In figuring out what was hooked up to each breaker in my house, I found two
breakers that had a lot connected to them. Should I be worried?
One 15A breaker has:
- 3 overhead light & fan combos (one for each bedroom)
- 2 bathroom vanity lights
- 2 bathroom exhaust fans
- 4 outlets (master bedroom)
Another 15A breaker has:
- 2 double-light outdoor flood lights
- 3 outdoor incandescent lights
- 1 4ft fluorescent tube light (4 tubes) - kitchen
- 1 incandescent light in kitchen
- 1 overhead light & fan combo (living room)
- 1 overhead light (front entry)
The remaining three 15A breakers have 4, 4, and 7 outlets (respectively) on
Are the breakers tripping? If not, then no. There is no limit in the NEC for the
number of outlets
on a residential circuit. For lights, I wouldn't worry at all. For receptacles,
I'd like to see no
more than 8 to 10 links in the "daisy chain", but that is just me.
You should be concerned with what are turned on at the same time. For
example, you could drying your hair with a blower dryer (1500 watt) while
your wife is trying to vaccum (1000 watt), then the breaker will trip for
sure. You should estimated and limited your concurrent usage.
It doesn't matter how many things are attached to the circuit; it matters
how much you are actually running. It doesn't appear particularly bad, but
if you are concerned, get an amp meter and put it on the wire at the breaker
box. Turn everything on and see how high it goes.
I was concerned because one whole side of my cottage was on a single
circuit, but when I tested it out, every single device had to be running to
exceed the limit, and that wasn't likely.
Total wattage load is going to determine tripping point of breakers. You
have some fixed loads (fans and lights) and some outlets in which YOU will
place additional load on the 15 amp circuit. You can add up the fixed loads,
and get an idea of what you can plug in to place the circuit at 100%. 1800
watts works out to 15 amp at 120 volt.
Dennis J Sunday
Home Inspection Systems
Contrary to what others have said, you do have the potential
for tripping the second breaker quite easily.
Let's say you're having an evening outdoor party...
If those flood lights have 300W lamps in them, you'll be
pulling 1200W with both fixtures on. The other outdoor
lights (with 100W lamps) are probably on as well. Now
you're up to 1500W, or, at a nominal 120V, 12.5A. Since
it's a party, the kitchen lights and entry light will be on
as well, pulling (possibly) 360W, so now you're at 15.1A,
the limit of the breaker.
So I guess you shouldn't throw a party in the evening.
Or use 175W (or smaller) flood lamps and 60W in the other outdoor fixures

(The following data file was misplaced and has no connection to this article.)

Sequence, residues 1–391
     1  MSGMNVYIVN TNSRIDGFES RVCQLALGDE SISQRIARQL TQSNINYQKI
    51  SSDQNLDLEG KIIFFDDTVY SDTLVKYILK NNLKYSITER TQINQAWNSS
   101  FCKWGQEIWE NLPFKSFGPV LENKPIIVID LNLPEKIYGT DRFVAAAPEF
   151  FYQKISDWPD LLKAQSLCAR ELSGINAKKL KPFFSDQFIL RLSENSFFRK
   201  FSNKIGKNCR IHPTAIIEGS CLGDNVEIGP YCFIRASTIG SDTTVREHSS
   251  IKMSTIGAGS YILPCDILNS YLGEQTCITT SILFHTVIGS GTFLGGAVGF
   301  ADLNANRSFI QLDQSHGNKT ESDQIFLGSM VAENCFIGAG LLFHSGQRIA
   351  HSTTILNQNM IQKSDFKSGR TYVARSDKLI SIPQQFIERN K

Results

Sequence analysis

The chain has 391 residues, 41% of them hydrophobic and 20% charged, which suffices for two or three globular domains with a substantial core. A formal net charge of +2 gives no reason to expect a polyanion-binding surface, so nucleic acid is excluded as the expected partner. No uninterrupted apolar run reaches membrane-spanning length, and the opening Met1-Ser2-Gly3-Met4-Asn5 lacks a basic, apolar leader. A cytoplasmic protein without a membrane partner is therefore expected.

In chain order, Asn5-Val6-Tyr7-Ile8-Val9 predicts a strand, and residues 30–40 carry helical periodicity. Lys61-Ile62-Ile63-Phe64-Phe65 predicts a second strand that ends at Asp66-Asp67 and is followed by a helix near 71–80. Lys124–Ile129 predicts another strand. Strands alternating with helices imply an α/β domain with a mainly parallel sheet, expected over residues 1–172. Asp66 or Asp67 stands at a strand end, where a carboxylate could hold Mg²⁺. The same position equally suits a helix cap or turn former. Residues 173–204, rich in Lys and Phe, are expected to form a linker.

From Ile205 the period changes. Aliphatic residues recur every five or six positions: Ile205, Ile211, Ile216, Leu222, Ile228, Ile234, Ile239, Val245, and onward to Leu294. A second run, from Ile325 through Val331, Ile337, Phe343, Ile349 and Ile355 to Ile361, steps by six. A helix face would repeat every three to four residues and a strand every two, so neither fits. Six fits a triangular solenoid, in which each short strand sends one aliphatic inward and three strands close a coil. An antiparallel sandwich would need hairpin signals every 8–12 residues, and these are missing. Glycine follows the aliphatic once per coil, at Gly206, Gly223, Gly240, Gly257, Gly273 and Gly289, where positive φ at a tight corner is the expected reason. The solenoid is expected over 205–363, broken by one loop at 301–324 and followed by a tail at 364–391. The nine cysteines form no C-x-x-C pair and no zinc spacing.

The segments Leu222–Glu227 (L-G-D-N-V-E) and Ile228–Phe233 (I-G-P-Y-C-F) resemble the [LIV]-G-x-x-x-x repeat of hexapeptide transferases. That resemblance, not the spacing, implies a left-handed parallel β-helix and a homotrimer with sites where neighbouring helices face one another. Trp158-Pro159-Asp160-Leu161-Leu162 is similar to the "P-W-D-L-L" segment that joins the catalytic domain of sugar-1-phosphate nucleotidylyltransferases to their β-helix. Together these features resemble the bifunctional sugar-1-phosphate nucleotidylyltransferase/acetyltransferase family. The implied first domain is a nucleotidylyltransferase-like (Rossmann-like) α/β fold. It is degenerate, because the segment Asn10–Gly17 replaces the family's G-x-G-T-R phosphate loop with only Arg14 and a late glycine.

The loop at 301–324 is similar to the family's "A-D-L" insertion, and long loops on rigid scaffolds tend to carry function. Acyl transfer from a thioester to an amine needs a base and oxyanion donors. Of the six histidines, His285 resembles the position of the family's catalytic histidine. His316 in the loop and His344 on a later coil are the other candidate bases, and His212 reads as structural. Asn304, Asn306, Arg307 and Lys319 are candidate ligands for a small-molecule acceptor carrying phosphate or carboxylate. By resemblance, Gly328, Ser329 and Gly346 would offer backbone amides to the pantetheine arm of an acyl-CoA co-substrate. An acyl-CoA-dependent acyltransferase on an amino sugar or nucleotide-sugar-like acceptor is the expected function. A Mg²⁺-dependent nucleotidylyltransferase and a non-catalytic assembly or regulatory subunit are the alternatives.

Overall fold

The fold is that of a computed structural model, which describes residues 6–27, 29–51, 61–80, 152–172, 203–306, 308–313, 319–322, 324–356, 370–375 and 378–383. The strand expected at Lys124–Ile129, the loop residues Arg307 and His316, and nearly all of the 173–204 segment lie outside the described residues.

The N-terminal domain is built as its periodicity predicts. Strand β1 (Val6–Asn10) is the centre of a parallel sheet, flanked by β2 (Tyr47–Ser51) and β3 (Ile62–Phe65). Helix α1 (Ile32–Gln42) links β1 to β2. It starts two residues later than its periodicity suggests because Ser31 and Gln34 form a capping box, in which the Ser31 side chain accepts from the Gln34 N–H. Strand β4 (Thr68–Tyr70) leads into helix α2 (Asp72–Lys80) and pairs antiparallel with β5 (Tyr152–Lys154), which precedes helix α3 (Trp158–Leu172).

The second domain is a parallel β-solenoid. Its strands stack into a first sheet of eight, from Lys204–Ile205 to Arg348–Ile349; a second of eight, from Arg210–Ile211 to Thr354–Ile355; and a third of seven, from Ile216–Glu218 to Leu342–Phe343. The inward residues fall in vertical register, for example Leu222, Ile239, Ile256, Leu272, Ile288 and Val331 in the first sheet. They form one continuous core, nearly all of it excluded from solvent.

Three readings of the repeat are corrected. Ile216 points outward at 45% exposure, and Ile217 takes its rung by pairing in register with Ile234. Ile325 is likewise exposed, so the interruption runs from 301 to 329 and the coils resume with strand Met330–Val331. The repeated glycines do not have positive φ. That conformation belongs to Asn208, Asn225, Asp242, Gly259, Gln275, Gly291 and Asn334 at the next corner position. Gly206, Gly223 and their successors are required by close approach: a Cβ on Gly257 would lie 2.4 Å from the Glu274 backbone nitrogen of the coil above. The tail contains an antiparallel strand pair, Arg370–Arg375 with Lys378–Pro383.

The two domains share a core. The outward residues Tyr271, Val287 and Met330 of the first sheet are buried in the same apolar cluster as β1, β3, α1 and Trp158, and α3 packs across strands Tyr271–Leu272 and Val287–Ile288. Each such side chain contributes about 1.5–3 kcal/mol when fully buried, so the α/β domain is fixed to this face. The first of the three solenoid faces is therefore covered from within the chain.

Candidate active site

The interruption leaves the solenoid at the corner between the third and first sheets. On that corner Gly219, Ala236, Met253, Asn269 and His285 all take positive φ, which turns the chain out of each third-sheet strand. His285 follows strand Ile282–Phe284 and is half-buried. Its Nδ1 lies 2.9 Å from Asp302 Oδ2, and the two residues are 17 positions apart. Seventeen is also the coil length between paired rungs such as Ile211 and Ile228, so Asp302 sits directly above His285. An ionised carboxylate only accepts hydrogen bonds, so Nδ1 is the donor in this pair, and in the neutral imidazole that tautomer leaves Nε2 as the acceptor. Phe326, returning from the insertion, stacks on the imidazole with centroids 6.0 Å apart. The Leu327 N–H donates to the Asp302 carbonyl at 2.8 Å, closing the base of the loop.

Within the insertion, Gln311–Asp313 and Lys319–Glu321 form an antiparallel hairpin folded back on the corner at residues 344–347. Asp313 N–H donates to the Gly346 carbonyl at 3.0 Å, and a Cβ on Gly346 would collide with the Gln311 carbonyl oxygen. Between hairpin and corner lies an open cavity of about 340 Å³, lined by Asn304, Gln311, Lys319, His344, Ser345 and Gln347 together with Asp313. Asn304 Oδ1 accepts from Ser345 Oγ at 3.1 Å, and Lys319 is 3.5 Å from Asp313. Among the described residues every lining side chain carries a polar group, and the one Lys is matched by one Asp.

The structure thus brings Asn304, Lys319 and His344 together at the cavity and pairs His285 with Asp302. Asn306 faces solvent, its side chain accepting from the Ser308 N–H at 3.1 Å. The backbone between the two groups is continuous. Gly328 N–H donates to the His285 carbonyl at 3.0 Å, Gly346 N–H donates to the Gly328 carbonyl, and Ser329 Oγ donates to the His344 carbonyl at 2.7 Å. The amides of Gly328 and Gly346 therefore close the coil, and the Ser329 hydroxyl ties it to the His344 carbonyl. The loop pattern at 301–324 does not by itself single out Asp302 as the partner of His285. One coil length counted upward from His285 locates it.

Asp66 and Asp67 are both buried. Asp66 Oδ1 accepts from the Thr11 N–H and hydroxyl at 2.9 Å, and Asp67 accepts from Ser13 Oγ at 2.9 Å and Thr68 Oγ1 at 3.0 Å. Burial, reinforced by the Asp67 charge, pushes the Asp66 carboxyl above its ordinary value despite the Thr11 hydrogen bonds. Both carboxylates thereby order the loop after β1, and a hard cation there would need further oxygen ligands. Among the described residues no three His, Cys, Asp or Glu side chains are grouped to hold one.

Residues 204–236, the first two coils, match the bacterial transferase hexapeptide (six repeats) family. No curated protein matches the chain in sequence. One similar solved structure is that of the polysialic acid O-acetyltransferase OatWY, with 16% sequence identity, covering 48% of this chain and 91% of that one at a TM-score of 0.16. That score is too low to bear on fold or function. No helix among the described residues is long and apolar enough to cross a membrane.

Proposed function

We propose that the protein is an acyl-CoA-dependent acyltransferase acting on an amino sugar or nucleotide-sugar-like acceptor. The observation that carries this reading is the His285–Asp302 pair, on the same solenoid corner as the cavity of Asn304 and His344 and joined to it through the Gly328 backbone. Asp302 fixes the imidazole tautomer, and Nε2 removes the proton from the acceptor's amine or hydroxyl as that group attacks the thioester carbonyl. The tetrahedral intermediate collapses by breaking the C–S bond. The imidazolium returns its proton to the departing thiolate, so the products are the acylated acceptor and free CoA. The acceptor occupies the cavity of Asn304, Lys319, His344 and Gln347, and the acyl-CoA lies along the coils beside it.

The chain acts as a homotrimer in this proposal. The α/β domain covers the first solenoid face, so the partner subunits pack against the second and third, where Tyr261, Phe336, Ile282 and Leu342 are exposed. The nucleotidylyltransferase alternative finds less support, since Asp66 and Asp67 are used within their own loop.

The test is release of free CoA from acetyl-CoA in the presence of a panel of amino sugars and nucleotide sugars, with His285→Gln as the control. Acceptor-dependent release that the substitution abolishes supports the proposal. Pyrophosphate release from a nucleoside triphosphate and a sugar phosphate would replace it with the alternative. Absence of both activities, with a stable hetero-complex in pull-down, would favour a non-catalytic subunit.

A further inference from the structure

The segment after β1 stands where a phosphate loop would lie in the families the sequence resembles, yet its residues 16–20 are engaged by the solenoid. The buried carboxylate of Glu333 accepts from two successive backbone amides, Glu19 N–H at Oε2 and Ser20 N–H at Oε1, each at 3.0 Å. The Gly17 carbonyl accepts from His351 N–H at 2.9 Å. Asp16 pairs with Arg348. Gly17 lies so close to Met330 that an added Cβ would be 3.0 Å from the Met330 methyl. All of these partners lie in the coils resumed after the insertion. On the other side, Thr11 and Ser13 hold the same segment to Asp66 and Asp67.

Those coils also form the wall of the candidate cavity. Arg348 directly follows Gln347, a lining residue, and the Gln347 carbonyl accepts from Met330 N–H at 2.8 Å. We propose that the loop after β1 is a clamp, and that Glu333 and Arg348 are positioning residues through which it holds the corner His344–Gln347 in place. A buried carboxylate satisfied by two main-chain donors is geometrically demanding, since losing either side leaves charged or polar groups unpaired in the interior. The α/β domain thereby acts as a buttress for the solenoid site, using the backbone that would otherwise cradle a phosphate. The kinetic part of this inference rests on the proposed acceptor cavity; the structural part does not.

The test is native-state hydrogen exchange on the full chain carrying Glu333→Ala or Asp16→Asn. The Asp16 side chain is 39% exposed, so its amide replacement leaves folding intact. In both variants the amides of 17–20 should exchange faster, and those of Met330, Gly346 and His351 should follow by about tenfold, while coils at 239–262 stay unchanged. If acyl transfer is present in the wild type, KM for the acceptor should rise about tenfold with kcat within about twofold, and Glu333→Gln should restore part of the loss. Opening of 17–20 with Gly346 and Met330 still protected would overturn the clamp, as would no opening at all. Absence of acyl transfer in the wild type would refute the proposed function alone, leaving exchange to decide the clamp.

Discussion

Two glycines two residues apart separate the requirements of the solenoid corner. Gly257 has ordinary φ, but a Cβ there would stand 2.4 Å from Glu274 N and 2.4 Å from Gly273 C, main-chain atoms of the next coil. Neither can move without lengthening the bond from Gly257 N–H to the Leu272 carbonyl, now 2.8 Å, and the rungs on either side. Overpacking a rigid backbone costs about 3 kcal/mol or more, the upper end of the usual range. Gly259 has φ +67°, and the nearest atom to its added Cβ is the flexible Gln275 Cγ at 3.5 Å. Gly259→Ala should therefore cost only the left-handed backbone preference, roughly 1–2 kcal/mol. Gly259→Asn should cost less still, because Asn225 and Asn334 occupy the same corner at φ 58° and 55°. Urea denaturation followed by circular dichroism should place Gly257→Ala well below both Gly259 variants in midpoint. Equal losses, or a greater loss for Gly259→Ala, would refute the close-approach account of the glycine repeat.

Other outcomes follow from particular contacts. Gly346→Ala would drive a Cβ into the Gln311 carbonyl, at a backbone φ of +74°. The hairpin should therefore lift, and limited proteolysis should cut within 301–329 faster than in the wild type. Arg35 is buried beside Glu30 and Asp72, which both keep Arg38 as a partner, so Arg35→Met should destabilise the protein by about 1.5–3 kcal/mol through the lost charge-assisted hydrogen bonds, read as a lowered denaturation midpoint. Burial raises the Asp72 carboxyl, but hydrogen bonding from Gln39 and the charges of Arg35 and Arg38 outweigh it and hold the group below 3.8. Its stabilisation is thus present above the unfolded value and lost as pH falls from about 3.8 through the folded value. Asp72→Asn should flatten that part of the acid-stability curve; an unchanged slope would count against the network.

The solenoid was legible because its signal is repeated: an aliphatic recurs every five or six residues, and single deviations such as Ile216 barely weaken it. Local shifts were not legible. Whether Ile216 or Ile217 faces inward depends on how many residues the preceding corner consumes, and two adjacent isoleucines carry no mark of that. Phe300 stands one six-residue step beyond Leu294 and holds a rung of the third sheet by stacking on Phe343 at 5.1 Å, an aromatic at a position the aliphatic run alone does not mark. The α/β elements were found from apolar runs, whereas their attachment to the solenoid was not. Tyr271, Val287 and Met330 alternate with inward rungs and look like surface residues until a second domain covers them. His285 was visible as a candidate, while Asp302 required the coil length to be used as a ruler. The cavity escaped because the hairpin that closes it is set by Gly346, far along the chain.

(or 13W or 19W compact fluorescents). I'm looking at the box for my spare
outdoor flood lamp and it's 100W (GE halogen PAR38). I think you'd have to
look pretty hard to find 300W reflector lamps. There's only a problem if
"funkjunk" goes out of his way to max out each light fixture.
Not likely most are 150 or 75 watt, and now the trend is 65 - 90w halogen
bulbs and even (I just picked up 4 cases of 6, for 5 bucks a case at the Home
Depot) 14w flourescent par bulbs...
Sounds like a white trash party to me. Who has an outdoor dinner party under
all that lighting? Evening parties should be lit artificially only from afar,
otherwise, use candles and torches. It's much classier and won't overload your
circuits. Also, you won't attract as many light-seeking insects, and those that
do come will be burned to a crisp by the flames. Also, posters who complain
about my critique are also likely to be burned to a crisp by the flames...
This is Turtle.
If your worried about it. Go turn on everything that is on each of the
circuits and let them run for 15 minutes. If your over loading anything. The
breaker will tell you if it is. If the break lets you do it. Hey , live on.
If not get it looked at by a electrician as to the problem.
No, don't be worried. Breakers will trip if a circuit is overloaded. Keep
in mind that *not* everything will be turned on at the same time, so you
can have more than 15 amps of "stuff" connected to a 15 amp breaker and be
Only be concerned if you have a breaker tripping. Then it would be time to
install a new circuit. And then you can leave most of the stuff as-is, but
install a new 20 amp circuit and outlet to a power hog like refrigerator,
microwave, window A/C, etc. Older homes may have a kitchen and bedroom on
the same 15 amp circuit. Then you get a computer in the bedroom, the
refrigerator kicks on, and pop goes the breaker. [Easy solution is to put
refrigerator on its own circuit in this case. Then just one wire needs to
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